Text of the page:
Banking News

EXECUTIVE INTERVIEW : Robert Spano, Chief Executive Officer - Alleasing

EXECUTIVE INTERVIEW : Robert Spano, Chief Executive Officer - Alleasing

  • Total equipment finance demand in Australia reaches 85 billion dollars.
  • Four out of ten businesses plan to acquire motor vehicles in the next quarter.
  • 78.2 percent of businesses are sourcing their equipment from local manufacturers.
  • Financing non-core assets is essential for effective capital management and growth.

How important is it for businesses to focus on their liquidity needs and working capital?

Fundamentally, the organisation’s capital requirements is a huge issue and cash is a big part of that capital management. The way we manage our cash and the way we invest our cash is fundamental for success.


You have just released the third round of the equipment demand index, what is the current level of equipment finance demand in Australia?

The total demand is around 85 billion dollars on a per annum basis. We roughly get about 60 percent of that.


And of course that would be an outcome of productivity?

There is an element of productivity attached to that. We say that productivity gains are best obtained through the investing in capital equipment that is required to keep businesses on the move, may it be truck, motor vehicles, or IT. The newer the equipment, the more productive we are able to be with those assets.

What we found is that companies who didn’t invest in equipment in the past couple of years, due to GFC and the economy, have now started to look at replacing their equipment.

When the first equipment demand index came out, businesses are buying new equipment, now they’re replacing their existing ones.


If businesses are not replacing their equipment, how much is it negatively impacting their businesses?

It will increase productivity and will free up cash to be reinvested in more important areas such as R&D and HR.


When they do replace their assets, what are some of the most popular items?

The biggest asset without the shadow of a doubt is motor vehicles, which is also the biggest slice of the market. IT, is a close second. Then manufacturing and mining equipment. We’ve seen a slow-down in the mining industry, so mining equipment has curtailed and manufacturing has always been a struggle. But the majority of assets, among business both big and small are motor vehicles and IT.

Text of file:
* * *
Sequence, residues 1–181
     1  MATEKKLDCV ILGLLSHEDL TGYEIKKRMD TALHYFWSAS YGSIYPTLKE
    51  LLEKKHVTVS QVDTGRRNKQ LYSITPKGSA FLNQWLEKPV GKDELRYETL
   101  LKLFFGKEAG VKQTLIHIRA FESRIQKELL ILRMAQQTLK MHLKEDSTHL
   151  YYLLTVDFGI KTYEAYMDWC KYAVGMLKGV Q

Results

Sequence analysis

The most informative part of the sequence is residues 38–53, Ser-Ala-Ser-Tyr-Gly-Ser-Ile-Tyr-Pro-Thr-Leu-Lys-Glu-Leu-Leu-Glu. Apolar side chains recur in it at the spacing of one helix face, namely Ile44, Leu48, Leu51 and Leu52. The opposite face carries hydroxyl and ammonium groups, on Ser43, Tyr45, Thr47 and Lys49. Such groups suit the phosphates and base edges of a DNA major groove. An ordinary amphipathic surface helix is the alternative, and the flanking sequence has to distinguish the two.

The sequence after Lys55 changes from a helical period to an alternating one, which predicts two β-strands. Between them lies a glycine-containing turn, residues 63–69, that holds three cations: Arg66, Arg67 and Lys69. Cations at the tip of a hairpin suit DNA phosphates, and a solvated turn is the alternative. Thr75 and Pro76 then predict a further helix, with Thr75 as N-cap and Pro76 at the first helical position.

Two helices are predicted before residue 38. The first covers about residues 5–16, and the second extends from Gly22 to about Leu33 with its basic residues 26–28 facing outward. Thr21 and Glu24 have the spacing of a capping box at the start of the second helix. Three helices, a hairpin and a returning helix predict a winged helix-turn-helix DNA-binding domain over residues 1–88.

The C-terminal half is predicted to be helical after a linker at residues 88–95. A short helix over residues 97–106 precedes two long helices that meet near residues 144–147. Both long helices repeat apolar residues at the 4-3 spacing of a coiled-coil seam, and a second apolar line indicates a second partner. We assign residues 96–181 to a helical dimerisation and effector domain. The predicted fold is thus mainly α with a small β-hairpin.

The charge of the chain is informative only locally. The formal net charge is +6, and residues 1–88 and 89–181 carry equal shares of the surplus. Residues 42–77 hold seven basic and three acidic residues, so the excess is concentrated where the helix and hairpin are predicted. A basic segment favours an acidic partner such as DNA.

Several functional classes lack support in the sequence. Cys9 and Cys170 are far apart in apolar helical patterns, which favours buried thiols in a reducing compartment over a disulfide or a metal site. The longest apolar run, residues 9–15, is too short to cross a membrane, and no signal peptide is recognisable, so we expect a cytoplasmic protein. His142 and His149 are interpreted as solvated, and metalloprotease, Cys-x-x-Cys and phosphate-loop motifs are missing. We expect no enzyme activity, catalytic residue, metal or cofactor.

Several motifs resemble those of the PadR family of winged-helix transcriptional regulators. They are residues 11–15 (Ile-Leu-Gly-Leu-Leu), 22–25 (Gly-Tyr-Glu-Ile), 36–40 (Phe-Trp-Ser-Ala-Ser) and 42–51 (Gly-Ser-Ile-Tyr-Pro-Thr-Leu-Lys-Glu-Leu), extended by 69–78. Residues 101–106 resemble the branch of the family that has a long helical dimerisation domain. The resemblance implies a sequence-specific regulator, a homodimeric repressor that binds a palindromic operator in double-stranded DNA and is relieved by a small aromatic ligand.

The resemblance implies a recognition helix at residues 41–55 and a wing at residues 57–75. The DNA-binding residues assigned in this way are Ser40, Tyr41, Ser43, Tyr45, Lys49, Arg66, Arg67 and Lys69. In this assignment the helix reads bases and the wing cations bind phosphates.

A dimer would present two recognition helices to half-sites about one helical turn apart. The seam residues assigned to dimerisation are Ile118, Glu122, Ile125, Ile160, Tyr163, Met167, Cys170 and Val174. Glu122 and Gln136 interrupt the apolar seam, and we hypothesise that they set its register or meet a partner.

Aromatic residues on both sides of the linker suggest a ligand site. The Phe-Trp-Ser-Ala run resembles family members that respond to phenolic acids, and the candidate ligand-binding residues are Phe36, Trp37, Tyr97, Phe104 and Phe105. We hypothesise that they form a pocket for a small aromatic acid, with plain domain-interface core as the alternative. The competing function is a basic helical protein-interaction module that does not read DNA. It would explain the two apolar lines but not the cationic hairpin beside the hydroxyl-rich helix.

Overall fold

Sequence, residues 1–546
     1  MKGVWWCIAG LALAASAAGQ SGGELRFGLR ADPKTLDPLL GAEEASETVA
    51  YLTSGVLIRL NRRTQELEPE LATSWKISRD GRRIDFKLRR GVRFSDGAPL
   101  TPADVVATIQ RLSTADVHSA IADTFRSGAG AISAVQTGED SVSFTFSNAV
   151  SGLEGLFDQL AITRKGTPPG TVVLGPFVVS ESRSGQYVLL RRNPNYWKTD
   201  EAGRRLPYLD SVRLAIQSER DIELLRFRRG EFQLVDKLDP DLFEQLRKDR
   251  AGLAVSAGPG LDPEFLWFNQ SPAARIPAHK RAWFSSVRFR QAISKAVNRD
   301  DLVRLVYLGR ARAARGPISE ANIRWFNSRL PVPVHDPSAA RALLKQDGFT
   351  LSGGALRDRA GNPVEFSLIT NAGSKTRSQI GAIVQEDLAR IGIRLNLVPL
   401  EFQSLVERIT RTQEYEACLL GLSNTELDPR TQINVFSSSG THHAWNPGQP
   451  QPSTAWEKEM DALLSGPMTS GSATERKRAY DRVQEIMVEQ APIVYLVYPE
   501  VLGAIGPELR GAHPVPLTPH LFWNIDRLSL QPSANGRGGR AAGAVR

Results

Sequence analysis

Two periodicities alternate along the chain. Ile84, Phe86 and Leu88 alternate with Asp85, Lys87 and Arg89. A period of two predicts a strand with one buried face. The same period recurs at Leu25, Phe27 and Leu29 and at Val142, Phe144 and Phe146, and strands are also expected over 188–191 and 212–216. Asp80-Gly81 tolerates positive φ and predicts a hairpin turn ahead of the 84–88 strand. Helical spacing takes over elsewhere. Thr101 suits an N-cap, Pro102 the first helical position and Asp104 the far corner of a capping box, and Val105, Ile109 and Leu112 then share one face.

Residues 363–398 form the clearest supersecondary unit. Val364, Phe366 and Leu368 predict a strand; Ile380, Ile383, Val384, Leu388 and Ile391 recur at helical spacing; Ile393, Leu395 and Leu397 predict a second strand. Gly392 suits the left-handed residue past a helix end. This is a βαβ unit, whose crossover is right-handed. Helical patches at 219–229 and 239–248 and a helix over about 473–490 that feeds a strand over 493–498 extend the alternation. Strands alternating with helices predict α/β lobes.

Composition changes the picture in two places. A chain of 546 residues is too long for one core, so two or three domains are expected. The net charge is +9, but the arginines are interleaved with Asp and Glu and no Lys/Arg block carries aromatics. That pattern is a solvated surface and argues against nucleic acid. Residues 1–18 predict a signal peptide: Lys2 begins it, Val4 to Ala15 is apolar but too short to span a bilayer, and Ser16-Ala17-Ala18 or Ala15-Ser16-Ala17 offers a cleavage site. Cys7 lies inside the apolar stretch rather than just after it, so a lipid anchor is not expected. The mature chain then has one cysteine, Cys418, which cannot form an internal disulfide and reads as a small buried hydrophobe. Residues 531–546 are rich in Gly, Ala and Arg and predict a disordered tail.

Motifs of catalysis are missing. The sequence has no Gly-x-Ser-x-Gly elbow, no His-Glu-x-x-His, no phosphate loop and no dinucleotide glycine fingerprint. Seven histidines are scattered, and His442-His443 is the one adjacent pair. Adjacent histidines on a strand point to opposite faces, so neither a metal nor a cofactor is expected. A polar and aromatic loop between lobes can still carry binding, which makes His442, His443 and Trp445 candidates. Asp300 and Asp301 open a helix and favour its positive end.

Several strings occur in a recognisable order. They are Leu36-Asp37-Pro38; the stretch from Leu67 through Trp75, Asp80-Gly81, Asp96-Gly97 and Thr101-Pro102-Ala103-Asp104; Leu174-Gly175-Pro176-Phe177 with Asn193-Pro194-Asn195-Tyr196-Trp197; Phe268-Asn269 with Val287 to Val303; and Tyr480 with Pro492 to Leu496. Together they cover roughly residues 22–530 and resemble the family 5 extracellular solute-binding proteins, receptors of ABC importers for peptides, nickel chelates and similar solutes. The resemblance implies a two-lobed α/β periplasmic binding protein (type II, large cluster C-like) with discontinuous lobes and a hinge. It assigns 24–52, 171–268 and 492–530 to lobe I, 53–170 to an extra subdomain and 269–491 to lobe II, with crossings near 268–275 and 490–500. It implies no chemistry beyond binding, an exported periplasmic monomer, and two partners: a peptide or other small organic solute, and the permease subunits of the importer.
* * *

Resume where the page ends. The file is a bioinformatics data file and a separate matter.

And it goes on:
What are some of the ways companies are paying for these?

A major percentage use finance. Operating lease is a major component, around 30 percent, in the motor vehicle and IT space.


Is the falling Australian Dollar making lives easier or harder for Australian businesses?

What we’ve found is that some of the companies are turning towards local manufacturers so there has been an increase in that local demand. Of course that has been more expensive, so financing options has been coming in to that.


Of course, this has had a significant impact on business confidence. At what point are we currently situated in the business cycle?

We’re in a very interesting stage. It’s a transitional period, where we’ve come out of a dormant period and there’s now a desire to get quite aggressive. But there’s also concerns on how the government is running its budget and the struggle that it’s having with the senate. And the falling of interest rate is also a reflection on concerns of demand, which is a huge issue.

So there’s a general lack of confidence in the business community, but everyone has the desire to get out of where they’ve been in the last five or six years. Now, we just need more confidence around that.

I think the world market is also having a bit of a struggle but USA coming back on track has been positive. For us, I think Asia has always been positive. There has always been a demand from Asia that has made Australian businesses more confident.


Lastly, what are some of the action points?

At the moment, Australian businesses need to keep investing in themselves for the growth. We also need to be aware of where we spend our money and where we capital manage. I’m a big believer in financing products that are not core to your business, and using your cash for your core products.

When you’re delivering food for example, the core product is food, not the motor vehicle. If we have the most efficient method to get there, it will be better for the economy and from a cost perspective.

I certainly believe that financing non-core assets is essential.

 

The next round of the Alleasing Equipment Demand Index will be released in June 2015

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